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Sunday, August 23, 2009

Sunday Visiting

I am still with my thoughts in Louisiana with Mary Ann Hardey. This is a picture of a bayou and one remembers how frightened St. Philippine Duchesne and her companions were when they were overtaken by a canoe full of Indians. The Indians went past but Philippine feared that they were waiting for them further on and was so glad to at last arrive at Grand Coteau, but I am getting ahead of my story. Mary Ann Hardey will be one of the first pupils there. But the story of her life is only to be continued on Monday.
Today we are going to visit one of our Sisters who moved to our retirement home at Oakwood last year. She is back and visiting her niece who lives in Central Florida so we will drive up, have lunch, and return home tomorrow. I saw her last summer and she loves being out at Oakwood, but misses family, I think, and California is a long way from Miami.
When I was growing up we would always spend Sundays at my paternal grandmother's. She would have her six children all there every Sunday for dinner and then games. That lasted until I was in sixth grade and there was a shortage of gas plus my baby brothers came along and that made visiting more difficult. Instead, my maternal grandfather, great aunt, and great uncle, all began to come to our house on Sunday afternoons for a roast dinner. It just made Sunday a family day. Now, we are usually together on Sundays as a community and prayer together at six in the evening.
When I was growing up, the stores were not open on Sunday and families stayed home!
Here is a something you will like - I had read it before, but now it is sent to me with the source by my spiritual director:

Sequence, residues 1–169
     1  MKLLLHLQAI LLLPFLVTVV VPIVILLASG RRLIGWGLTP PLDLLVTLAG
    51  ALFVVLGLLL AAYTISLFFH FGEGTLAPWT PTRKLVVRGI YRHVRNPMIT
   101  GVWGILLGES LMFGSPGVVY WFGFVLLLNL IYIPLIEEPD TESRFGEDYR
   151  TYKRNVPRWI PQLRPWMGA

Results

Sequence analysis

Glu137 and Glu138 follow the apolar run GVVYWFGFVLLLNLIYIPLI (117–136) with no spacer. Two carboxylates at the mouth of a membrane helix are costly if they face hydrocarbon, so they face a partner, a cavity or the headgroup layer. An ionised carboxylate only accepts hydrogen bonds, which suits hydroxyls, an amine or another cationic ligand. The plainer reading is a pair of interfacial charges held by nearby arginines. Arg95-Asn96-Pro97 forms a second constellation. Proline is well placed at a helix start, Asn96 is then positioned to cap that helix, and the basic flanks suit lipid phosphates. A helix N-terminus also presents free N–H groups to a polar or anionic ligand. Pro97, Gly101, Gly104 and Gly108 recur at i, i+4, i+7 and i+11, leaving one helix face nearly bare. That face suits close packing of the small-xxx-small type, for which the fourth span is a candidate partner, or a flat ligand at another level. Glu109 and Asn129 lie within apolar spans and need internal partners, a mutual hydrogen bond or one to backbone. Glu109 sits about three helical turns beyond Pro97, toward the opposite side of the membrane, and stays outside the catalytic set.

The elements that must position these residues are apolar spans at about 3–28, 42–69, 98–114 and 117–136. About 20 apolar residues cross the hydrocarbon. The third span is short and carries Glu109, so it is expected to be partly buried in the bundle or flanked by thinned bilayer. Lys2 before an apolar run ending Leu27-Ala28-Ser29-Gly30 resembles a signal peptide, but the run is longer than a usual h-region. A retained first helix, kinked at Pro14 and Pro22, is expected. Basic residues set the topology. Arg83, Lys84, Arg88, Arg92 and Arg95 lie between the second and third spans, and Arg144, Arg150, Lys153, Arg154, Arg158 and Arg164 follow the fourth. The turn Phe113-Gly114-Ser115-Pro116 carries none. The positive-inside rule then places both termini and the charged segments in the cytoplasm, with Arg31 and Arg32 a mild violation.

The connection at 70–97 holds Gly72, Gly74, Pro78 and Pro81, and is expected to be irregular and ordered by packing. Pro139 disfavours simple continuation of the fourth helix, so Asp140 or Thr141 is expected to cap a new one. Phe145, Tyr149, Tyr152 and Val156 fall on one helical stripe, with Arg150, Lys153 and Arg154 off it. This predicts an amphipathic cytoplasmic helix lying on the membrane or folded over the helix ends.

We awaken in Christ's body
as Christ awakens our bodies,
and my poor hand is Christ, He enters
my foot, and is infinitely me.

I move my hand, and wonderfully
my hand becomes Christ, becomes all of Him
(for God is indivisibly
whole, seamless in His Godhood).

I move my foot, and at once
He appears like a flash of lightning.
Do my words seem blasphemous? -- Then
open your heart to Him

and let yourself receive the one
who is opening to you so deeply.
For if we genuinely love Him,
we wake up inside Christ's body

where all our body, all over,
every most hidden part of it,
is realized in joy as Him,
and He makes us, utterly, real,

and everything that is hurt, everything
that seemed to us dark, harsh, shameful,
maimed, ugly, irreparably
damaged, is in Him transformed

and recognized as whole, as lovely,
and radiant in His light
he awakens as the Beloved

St. Symeon
-- from The Book of Mystical Chapters: Meditations on the Soul's Ascent from the Desert Fathers and Other Early Christian Contemplatives, trans. John Anthony McGuckin. Boston: Shambala Publications, 2002.

1 comment:

Smiley :) said...

I love this part:
open your heart to Him
and let yourself receive the one
who is opening to you so deeply.

It's true that God is always open to us, and in order to become one with him (as this poem describes), we must allow our hearts to be open to God! Thank you for sharing this poem!